Tatu Saloranta 2012-03-29, 16:54
Scott Carey 2012-03-28, 18:43
I would encode to string. Should be simple enough, just means you need
a pass on the data after reading it.
On Wed, Mar 28, 2012 at 11:43 AM, Scott Carey <[EMAIL PROTECTED]> wrote:
> On 3/28/12 11:01 AM, "Meyer, Dennis" <[EMAIL PROTECTED]> wrote:
> What type refers to an Java Bigint or C long long? Or is there any other
> type in Avro that maps a 64 bit unsigned int?
> I unfortunately could only find smaller types in the docs:
> Primitive Types
> The set of primitive type names is:
> string: unicode character sequence
> bytes: sequence of 8-bit bytes
> int: 32-bit signed integer
> long: 64-bit signed integer
> float: single precision (32-bit) IEEE 754 floating-point number
> double: double precision (64-bit) IEEE 754 floating-point number
> boolean: a binary value
> null: no value
> Anyway in the encoding section theres some 64bit unsigned. Can I use them
> somehow by a type?
> An unsigned value fits in a signed one. They are both 64 bits. Each
> language that supports a long unsigned type has its own way to convert from
> one to the other without loss of data.
> Work around might be to use the 52 significant bits of a double, but seems
> like a hack and of course loosing some more number space compared to uint64.
> I'd like to get around any other self-encoding hacks as I'd like to also use
> Hadoop/PIG/HIVE on top on AVRO, so would like to keep functionality on
> numbers if possible.
> Java does not have an unsigned 64 bit type. Hadoop/Pig/Hive all only have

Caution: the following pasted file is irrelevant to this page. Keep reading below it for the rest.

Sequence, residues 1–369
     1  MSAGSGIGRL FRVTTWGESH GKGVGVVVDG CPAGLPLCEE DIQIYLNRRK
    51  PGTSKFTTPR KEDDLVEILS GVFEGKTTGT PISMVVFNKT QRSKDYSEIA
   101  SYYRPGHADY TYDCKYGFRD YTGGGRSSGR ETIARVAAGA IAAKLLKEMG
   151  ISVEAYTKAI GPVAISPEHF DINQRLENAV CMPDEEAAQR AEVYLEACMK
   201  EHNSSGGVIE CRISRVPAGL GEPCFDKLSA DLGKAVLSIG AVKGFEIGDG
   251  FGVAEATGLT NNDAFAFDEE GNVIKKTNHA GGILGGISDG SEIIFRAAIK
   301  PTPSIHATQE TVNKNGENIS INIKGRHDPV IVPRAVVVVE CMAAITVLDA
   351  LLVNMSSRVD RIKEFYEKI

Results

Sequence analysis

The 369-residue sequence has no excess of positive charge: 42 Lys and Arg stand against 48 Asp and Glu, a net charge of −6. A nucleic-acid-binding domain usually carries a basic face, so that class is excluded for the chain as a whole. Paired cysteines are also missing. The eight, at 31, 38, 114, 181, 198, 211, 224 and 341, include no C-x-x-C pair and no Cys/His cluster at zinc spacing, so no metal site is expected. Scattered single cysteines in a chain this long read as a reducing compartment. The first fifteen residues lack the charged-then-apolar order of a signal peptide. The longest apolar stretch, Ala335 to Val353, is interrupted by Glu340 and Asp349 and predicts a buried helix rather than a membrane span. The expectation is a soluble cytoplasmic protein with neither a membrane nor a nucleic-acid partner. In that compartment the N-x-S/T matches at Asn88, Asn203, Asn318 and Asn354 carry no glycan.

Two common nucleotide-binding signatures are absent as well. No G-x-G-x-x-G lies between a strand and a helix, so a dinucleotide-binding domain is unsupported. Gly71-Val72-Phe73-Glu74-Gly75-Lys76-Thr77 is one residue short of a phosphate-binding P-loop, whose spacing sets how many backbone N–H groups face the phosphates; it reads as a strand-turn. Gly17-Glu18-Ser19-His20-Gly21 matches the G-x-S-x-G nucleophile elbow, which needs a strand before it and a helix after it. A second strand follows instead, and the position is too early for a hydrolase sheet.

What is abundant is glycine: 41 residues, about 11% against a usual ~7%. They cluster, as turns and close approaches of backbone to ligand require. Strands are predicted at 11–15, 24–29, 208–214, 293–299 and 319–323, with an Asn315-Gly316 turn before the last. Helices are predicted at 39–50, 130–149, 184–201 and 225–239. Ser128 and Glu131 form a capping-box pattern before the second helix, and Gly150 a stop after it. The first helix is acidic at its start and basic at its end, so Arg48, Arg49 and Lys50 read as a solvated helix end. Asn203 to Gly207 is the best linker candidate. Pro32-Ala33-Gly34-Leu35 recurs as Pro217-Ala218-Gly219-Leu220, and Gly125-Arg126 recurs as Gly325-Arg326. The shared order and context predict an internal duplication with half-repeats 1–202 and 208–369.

> signed 64 bit integer quantities.
> Luckily, multiplication and addition on two's compliment signed values is
> identical to the operations on unsigned ints, so for many operations there
> is no loss in fidelity as long as you pass the raw bits on to something that
> interprets the number as an unsigned quantity.
> That is, if you take the raw bits of a set of unsigned 64 bit numbers, and
> treat those bits as if they are a signed 64 bit quantities, then do
> addition, subtraction, and multiplication on them, then treat the raw bit
> result as an unsigned 64 bit value, it is as if you did the whole thing
> Avro only has signed 32 and 64 bit integer quantities because they can be
> mapped to unsigned ones in most cases without a problem and many (actually,
> most) languages do not support unsigned integers.
> If you want various precision quantities you can use an Avro Fixed type to
> map to any type you choose. For example you can use a 16 byte fixed to map
> to 128 bit unsigned ints.